The Blood Road: The Ho Chi Minh Trail and the Vietnam War
by John Prados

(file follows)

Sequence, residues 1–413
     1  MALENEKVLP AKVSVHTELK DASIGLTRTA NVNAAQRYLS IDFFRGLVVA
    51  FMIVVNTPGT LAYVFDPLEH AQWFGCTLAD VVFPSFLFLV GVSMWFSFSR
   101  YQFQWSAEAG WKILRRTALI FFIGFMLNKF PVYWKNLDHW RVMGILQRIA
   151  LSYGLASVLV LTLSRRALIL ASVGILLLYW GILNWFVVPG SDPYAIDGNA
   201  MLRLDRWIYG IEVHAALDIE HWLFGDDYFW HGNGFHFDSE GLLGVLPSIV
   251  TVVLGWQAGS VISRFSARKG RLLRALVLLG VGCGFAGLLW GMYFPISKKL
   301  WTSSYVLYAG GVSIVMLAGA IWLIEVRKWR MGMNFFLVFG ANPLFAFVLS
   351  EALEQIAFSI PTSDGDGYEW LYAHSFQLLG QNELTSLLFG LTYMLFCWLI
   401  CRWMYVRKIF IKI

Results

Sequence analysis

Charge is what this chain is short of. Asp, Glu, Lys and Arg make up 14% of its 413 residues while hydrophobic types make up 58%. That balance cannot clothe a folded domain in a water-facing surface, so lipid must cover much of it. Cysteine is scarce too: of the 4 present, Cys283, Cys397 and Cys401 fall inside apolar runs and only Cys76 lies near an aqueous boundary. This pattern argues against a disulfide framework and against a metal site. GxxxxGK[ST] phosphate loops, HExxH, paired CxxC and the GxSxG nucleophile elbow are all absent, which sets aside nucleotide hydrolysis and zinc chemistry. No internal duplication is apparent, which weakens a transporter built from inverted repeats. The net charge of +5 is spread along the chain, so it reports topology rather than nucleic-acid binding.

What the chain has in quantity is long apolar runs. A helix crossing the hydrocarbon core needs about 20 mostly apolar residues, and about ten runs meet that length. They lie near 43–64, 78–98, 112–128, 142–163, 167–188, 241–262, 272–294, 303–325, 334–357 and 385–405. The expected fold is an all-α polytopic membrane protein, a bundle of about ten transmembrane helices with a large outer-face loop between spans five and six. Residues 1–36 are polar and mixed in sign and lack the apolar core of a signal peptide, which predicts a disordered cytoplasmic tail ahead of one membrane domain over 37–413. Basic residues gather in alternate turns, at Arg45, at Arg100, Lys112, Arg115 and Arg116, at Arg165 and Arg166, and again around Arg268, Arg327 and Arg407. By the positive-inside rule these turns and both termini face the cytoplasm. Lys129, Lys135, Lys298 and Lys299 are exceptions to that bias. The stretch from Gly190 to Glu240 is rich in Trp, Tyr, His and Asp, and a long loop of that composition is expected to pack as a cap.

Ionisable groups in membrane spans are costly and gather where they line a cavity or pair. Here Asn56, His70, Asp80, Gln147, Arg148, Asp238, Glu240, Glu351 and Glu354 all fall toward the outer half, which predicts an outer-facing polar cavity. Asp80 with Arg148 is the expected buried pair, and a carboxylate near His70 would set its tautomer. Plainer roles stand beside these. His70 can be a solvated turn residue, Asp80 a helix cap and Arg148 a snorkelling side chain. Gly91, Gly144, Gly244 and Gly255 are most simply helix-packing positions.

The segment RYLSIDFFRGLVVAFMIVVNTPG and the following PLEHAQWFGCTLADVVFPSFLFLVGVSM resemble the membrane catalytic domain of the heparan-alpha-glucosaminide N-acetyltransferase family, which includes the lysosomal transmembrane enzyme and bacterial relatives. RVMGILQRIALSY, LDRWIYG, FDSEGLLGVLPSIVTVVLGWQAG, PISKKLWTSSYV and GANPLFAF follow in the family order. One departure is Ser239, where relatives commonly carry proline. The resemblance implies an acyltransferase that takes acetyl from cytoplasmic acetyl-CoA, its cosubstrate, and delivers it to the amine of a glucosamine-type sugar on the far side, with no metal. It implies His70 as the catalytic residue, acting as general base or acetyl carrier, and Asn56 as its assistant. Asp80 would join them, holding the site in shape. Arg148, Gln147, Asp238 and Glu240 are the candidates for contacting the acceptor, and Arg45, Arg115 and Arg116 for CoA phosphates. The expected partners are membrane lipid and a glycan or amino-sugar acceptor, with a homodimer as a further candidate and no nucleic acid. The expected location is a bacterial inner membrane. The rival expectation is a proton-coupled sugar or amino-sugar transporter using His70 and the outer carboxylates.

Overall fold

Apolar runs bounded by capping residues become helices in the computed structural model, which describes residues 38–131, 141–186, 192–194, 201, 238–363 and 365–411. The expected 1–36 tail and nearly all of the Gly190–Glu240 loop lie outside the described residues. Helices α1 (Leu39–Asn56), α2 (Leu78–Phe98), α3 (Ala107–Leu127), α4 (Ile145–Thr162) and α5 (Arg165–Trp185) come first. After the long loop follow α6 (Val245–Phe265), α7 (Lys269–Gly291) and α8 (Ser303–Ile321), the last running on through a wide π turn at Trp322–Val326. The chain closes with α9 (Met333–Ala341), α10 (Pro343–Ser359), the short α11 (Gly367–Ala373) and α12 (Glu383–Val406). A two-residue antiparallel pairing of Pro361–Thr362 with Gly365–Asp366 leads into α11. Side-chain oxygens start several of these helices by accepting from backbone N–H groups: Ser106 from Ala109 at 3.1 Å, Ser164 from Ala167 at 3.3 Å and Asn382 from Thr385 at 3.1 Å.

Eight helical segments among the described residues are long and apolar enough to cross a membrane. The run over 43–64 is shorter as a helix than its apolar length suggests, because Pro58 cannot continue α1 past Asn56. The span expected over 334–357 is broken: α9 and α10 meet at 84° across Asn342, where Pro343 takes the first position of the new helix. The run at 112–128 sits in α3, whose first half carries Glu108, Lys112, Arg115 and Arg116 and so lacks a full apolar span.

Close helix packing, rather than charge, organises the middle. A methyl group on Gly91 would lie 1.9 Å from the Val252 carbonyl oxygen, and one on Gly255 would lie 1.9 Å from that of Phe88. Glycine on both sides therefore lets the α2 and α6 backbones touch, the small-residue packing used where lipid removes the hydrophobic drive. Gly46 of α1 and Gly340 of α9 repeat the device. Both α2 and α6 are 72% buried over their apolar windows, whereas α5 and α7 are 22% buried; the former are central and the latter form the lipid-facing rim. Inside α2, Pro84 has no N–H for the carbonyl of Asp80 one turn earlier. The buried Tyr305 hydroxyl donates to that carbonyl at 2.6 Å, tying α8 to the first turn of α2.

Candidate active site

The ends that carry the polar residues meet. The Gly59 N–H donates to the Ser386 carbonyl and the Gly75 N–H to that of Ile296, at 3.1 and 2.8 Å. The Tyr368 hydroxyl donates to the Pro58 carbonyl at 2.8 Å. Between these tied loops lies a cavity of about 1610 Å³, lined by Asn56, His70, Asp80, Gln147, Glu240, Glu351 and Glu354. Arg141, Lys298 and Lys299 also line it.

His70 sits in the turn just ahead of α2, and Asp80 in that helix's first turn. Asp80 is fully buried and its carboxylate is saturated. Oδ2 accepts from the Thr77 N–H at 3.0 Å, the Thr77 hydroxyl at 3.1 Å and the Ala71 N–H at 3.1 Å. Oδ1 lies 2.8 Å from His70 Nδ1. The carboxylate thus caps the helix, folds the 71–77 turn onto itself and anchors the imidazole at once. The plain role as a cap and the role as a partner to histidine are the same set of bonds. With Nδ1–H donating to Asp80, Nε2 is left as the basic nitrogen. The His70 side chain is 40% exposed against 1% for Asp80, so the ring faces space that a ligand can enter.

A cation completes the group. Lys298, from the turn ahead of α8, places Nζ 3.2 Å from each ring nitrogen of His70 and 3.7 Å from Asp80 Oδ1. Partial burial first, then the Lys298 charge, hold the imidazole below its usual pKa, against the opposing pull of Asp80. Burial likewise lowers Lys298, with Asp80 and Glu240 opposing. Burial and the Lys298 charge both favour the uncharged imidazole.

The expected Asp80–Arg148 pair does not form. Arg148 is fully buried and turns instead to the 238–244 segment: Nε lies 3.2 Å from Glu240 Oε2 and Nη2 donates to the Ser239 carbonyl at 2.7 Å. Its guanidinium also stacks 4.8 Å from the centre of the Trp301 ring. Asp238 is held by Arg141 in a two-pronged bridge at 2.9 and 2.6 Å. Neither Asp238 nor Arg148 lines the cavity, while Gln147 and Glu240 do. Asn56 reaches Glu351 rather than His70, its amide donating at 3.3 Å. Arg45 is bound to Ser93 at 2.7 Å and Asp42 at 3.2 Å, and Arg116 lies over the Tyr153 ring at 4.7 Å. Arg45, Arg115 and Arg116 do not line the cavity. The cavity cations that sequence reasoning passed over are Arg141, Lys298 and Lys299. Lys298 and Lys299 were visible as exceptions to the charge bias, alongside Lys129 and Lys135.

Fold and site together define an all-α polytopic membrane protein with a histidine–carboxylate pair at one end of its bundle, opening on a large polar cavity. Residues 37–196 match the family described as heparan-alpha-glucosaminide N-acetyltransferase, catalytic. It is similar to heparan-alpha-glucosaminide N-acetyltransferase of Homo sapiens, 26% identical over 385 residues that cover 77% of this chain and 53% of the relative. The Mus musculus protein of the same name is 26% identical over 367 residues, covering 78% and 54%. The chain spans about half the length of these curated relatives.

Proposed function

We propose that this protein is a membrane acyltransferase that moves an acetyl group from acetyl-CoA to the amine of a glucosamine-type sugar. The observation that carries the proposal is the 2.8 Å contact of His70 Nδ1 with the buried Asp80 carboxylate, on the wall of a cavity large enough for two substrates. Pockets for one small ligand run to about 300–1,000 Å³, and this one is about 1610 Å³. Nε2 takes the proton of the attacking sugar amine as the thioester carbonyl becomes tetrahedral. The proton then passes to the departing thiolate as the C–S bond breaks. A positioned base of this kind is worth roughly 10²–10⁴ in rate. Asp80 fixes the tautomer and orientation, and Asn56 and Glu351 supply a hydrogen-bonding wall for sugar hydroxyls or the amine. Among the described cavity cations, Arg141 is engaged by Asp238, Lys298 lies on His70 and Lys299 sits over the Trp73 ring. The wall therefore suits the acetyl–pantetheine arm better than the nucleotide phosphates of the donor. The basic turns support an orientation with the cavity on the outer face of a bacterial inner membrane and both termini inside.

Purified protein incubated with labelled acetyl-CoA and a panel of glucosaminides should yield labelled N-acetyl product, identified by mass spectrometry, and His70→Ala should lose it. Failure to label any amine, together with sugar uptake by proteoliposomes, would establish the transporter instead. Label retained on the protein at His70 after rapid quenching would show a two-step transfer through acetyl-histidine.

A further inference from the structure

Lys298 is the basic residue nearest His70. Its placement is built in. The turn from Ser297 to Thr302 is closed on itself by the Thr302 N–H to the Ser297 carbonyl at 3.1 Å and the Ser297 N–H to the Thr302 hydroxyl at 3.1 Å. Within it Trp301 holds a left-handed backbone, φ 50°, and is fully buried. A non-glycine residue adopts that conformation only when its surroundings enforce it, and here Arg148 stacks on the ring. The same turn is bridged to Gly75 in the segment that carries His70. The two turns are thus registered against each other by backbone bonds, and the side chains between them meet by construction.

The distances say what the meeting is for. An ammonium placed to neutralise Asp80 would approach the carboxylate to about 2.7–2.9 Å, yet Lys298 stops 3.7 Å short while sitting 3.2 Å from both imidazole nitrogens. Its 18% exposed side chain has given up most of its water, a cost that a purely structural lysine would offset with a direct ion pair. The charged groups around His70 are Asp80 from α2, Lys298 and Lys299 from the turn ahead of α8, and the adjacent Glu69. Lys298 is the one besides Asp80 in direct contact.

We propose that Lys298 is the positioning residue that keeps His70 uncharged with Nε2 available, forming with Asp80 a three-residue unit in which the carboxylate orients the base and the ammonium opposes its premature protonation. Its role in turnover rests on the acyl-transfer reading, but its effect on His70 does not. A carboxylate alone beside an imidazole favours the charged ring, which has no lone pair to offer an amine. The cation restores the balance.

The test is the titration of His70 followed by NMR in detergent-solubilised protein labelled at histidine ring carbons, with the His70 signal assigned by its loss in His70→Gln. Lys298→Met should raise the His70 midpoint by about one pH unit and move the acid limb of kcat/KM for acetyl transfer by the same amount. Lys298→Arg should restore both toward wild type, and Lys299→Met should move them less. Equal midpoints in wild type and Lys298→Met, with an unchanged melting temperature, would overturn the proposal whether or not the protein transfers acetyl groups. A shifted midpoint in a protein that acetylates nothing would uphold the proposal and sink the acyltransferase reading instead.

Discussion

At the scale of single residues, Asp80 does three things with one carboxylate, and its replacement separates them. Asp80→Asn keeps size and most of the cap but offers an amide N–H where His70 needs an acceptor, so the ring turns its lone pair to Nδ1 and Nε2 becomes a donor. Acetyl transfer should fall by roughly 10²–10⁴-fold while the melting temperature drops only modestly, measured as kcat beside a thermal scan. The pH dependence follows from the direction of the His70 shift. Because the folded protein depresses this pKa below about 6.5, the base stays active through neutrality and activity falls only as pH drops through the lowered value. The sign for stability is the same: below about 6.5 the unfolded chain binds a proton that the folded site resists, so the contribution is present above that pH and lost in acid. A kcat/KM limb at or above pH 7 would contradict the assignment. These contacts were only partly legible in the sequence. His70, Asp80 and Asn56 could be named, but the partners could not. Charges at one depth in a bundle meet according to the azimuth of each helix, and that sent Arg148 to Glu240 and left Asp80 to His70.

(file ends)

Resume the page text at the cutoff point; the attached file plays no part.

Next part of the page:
Could the United States have won the Vietnam War if it had been able to cut off the Viet Cong from their North Vietnamese support by severing the Ho ... Show synopsis Could the United States have won the Vietnam War if it had been able to cut off the Viet Cong from their North Vietnamese support by severing the Ho Chi Minh Trail? Acclaimed historian John Prados tackles this crucial question in an unprecedented work of historical scholarship. Built as a vital gateway inside a divided nation, the Ho Chi Minh Trail embodied the dreams and aspirations of an entire people. As the North Vietnamese struggled to open and sustain The Trail, the American and South Vietnamese forces struggled to close it - a life-and-death contest that tells the intricate and dramatic story of the Vietnam War in microcosm. Aided by formerly secret government documents and previously unavailable oral histories, memoirs, and interviews, Prados explores all sides of the conflict, providing details of the action in Hanoi and North Vietnam and avoiding the narrowly focused battle histories, atomized individual accounts, and overly generalized vision that have dominated previous histories. Prados considers each of the multiple perspectives that shaped the conflict: the struggle of the Vietnamese soldiers in the jungles, the heroism of American troops, the highly influential antiwar protests of the period, the intricate machinations of the generals and diplomats, and the lingering impact on the people and governments of neighboring Laos and Cambodia.